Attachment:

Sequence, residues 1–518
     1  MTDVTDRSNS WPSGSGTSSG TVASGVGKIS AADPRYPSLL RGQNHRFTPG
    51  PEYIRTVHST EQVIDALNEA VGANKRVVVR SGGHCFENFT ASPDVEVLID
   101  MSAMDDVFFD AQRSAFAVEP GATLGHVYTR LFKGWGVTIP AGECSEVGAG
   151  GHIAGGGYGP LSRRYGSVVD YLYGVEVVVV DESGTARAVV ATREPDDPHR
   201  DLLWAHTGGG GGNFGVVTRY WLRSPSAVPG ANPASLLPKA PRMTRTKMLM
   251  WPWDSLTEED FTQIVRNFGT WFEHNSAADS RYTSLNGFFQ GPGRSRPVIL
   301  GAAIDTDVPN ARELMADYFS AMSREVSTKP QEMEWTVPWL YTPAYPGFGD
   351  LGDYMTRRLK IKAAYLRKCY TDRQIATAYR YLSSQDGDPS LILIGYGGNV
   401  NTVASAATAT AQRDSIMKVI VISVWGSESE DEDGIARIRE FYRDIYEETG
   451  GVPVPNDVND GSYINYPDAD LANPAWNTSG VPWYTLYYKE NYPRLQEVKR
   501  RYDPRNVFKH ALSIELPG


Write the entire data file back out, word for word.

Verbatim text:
Sequence, residues 1–518
     1  MTDVTDRSNS WPSGSGTSSG TVASGVGKIS AADPRYPSLL RGQNHRFTPG
    51  PEYIRTVHST EQVIDALNEA VGANKRVVVR SGGHCFENFT ASPDVEVLID
   101  MSAMDDVFFD AQRSAFAVEP GATLGHVYTR LFKGWGVTIP AGECSEVGAG
   151  GHIAGGGYGP LSRRYGSVVD YLYGVEVVVV DESGTARAVV ATREPDDPHR
   201  DLLWAHTGGG GGNFGVVTRY WLRSPSAVPG ANPASLLPKA PRMTRTKMLM
   251  WPWDSLTEED FTQIVRNFGT WFEHNSAADS RYTSLNGFFQ GPGRSRPVIL
   301  GAAIDTDVPN ARELMADYFS AMSREVSTKP QEMEWTVPWL YTPAYPGFGD
   351  LGDYMTRRLK IKAAYLRKCY TDRQIATAYR YLSSQDGDPS LILIGYGGNV
   401  NTVASAATAT AQRDSIMKVI VISVWGSESE DEDGIARIRE FYRDIYEETG
   451  GVPVPNDVND GSYINYPDAD LANPAWNTSG VPWYTLYYKE NYPRLQEVKR
   501  RYDPRNVFKH ALSIELPG